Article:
The Best of Norfolk & the Virginia International Tattoo

Discover military and art culture in Norfolk, then experience the nation’s largest military musical celebration at the Virginia International Tattoo, a tradition dating back to 1600.
Rating (4.67)
Program No. 18354RJ
5 days
Starts at

At a Glance

Adapted from a 17th-century European tradition of “taptoe,” a process of notifying innkeepers to turn off the tap and send soldiers back to their barracks, the term “tattoo” now represents a grand display of military music. At the Virginia International Tattoo, the largest one in the U.S., enjoy a range of internationally influenced performances from traditional military displays featuring drums, trumpets and drill to more modern lyrical and theatrical shows. Then, enhance your festival experience by learning more about Norfolk’s local military history with field trips by land and sea to General MacArthur’s Memorial and the harbor that’s home to the world’s largest naval base and America’s Atlantic Fleet. Sans ink and needle, this military and music-filled adventure is sure to leave a permanent impression.

Best of all, you'll ...

  • Admire the Parade of Nations from reserved seats before exploring the Scope Arena with event directors for a behind-the-scenes look at the Virginia International Tattoo.
  • Enjoy a Road Scholar exclusive private performance from the decorated Virginia Coast Chorus, an affiliate of the globally-recognized Sweet Adelines International organization.
  • Delve deeper into the art culture of Norfolk with an adventure to the Norfolk Botanical Garden and a docent-led excursion at the Chrysler Museum of Art.

General Notes

Please note that this program utilizes school buses for short trips.
Visit the Road Scholar Bookshop
You can find many of the books we recommend at the Road Scholar store on bookshop.org, a website that supports local bookstores.
Historic Photos of Norfolk
by Peggy Haile McPhillips
From Norfolk Naval Base, the world's largest naval base, to the Norfolk Southern Railway, one of North America's largest railroads, Historic Photos of Norfolk is a photographic history collected from the areas top archives. With around 200 photographs, many of which have never been published, this beautiful coffee table book shows the historical growth from the mid 1800's to the late 1900's in stunning black and white photography. The book follows life, government, events and people important to Norfolk and the building of this unique city. Spanning over two centuries and two hundred photographs, this is a must have for any long-time resident or history lover of Norfolk!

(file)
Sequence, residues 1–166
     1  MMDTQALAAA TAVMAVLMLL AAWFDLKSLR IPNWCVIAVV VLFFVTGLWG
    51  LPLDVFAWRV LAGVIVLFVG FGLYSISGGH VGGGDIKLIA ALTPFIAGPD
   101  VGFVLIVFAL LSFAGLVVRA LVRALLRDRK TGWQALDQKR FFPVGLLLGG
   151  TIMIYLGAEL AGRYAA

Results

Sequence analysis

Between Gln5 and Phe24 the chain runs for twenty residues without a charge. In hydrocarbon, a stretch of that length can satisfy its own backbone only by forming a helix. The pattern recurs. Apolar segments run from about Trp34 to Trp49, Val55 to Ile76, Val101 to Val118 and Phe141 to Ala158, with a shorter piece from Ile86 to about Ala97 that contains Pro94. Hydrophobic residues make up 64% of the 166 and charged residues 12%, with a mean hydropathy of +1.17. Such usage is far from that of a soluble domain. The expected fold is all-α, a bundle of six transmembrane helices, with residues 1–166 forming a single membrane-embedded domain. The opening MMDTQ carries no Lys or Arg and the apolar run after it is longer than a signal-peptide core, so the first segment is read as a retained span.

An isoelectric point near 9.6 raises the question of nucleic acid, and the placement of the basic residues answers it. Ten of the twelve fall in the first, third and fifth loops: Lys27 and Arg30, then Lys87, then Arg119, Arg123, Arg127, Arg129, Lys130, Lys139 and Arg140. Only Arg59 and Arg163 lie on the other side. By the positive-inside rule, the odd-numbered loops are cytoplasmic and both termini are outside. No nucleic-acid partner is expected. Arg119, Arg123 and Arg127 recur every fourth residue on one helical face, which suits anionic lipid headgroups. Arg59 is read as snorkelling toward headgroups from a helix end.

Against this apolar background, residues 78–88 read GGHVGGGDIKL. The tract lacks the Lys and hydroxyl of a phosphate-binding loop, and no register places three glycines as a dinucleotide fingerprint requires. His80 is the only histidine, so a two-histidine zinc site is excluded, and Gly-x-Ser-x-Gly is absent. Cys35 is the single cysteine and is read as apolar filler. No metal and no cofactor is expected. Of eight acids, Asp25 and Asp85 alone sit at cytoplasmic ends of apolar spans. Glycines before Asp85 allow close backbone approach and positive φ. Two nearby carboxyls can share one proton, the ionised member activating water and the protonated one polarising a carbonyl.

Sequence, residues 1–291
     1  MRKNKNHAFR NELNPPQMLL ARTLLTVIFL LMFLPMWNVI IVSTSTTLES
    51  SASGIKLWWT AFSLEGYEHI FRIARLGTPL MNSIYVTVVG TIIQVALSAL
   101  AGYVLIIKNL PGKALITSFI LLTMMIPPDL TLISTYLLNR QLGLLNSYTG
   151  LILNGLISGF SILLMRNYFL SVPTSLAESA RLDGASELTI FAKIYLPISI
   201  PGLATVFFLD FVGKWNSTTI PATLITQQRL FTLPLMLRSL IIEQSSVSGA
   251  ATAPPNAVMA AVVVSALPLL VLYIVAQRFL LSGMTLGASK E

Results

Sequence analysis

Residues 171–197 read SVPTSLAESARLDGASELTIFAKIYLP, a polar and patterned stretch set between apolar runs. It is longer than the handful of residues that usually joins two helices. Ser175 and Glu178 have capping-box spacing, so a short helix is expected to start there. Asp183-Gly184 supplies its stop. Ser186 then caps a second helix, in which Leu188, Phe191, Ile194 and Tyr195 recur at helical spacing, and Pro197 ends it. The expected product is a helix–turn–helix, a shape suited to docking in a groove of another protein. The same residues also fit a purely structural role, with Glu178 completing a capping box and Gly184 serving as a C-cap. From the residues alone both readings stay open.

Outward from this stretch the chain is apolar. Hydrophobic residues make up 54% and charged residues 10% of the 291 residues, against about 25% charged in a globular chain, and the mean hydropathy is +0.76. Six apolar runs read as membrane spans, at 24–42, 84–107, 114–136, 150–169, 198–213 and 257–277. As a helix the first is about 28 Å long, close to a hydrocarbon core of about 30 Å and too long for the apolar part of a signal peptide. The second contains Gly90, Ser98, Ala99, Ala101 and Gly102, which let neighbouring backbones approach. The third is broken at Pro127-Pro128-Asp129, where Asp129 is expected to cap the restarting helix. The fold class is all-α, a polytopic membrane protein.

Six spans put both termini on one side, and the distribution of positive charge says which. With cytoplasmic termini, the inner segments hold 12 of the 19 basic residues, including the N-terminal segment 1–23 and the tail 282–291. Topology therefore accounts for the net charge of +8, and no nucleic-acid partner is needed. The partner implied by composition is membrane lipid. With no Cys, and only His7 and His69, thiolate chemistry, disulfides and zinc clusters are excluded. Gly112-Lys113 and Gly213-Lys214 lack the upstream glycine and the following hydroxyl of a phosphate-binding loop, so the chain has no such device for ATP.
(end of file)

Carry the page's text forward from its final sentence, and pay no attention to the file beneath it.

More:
Norfolk: A People's History
by Ruth A.Rose
With Norfolk: A People's History, Ruth A. Rose takes a fresh look at the people who made Norfolk but who are often overlooked in other versions of the city's history.
Legacy: Walter Chrysler Jr. and the Untold Story of Norfolk's Chrysler Museum of Art
by Peggy Earle
The Norfolk museum that would one day bear the Chrysler name was always a good museum of its kind, home to a respectable collection serving a smallish city. But when Norfolk native Jean Outland married Walter Chrysler, heir to the automobile manufacturing fortune and an avid art collector, the museum found a person with whom its fortunes would be intertwined, sometimes spectacularly, for decades to come. Walter had already established a Chrysler Museum in Provincetown, Massachusetts, but in 1971—in need of more space and, admittedly, a fresh start—he relocated the operation to Norfolk. In Legacy, Peggy Earle paints a vivid picture of this provincial museum’s transformation into one of the finest art museums on the East Coast. She also delivers a captivating portrait of Walter Chrysler, a generous and demanding man who found in art patronage a focus not only for his wealth but also for his tremendous energy. Not content to merely admire the work, Walter had a naturally gregarious side and was apt to deal with artists such as Pablo Picasso directly. And yet he was also intensely private. Earle provides readers with a fascinating view of the politics of the museum world, where even good relationships are never uncomplicated. (The addition of the Chrysler collection’s works to the museum was not unanimously applauded by the community; nor was it a foregone conclusion that, upon Chrysler’s death, the pieces would even stay with the museum.) This lively account of the unlikely union between an arts maverick and a city on the cusp of cultural evolution sheds new light on how great art finds a place to call home.

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